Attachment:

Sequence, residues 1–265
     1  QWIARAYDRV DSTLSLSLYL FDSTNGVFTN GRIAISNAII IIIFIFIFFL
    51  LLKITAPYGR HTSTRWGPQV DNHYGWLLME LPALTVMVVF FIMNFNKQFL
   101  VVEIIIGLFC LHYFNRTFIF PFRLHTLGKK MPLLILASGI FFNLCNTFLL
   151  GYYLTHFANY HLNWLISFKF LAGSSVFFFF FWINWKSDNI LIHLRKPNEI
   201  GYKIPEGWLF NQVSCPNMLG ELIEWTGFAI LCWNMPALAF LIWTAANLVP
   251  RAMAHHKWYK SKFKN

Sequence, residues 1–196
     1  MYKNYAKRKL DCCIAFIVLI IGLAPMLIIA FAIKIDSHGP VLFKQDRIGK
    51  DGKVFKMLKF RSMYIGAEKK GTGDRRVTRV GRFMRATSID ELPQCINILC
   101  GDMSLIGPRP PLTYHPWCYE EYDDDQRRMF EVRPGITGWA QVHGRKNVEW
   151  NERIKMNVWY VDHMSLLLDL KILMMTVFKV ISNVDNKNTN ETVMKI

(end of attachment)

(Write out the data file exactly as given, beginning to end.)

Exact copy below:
Sequence, residues 1–265
     1  QWIARAYDRV DSTLSLSLYL FDSTNGVFTN GRIAISNAII IIIFIFIFFL
    51  LLKITAPYGR HTSTRWGPQV DNHYGWLLME LPALTVMVVF FIMNFNKQFL
   101  VVEIIIGLFC LHYFNRTFIF PFRLHTLGKK MPLLILASGI FFNLCNTFLL
   151  GYYLTHFANY HLNWLISFKF LAGSSVFFFF FWINWKSDNI LIHLRKPNEI
   201  GYKIPEGWLF NQVSCPNMLG ELIEWTGFAI LCWNMPALAF LIWTAANLVP
   251  RAMAHHKWYK SKFKN

Sequence, residues 1–196
     1  MYKNYAKRKL DCCIAFIVLI IGLAPMLIIA FAIKIDSHGP VLFKQDRIGK
    51  DGKVFKMLKF RSMYIGAEKK GTGDRRVTRV GRFMRATSID ELPQCINILC
   101  GDMSLIGPRP PLTYHPWCYE EYDDDQRRMF EVRPGITGWA QVHGRKNVEW
   151  NERIKMNVWY VDHMSLLLDL KILMMTVFKV ISNVDNKNTN ETVMKI